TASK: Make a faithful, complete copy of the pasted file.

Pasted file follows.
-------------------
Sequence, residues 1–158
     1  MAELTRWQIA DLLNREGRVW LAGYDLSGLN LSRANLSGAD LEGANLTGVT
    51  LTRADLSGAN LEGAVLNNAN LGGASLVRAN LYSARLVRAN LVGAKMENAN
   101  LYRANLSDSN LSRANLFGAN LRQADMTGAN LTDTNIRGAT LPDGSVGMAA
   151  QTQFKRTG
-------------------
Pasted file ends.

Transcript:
Sequence, residues 1–158
     1  MAELTRWQIA DLLNREGRVW LAGYDLSGLN LSRANLSGAD LEGANLTGVT
    51  LTRADLSGAN LEGAVLNNAN LGGASLVRAN LYSARLVRAN LVGAKMENAN
   101  LYRANLSDSN LSRANLFGAN LRQADMTGAN LTDTNIRGAT LPDGSVGMAA
   151  QTQFKRTG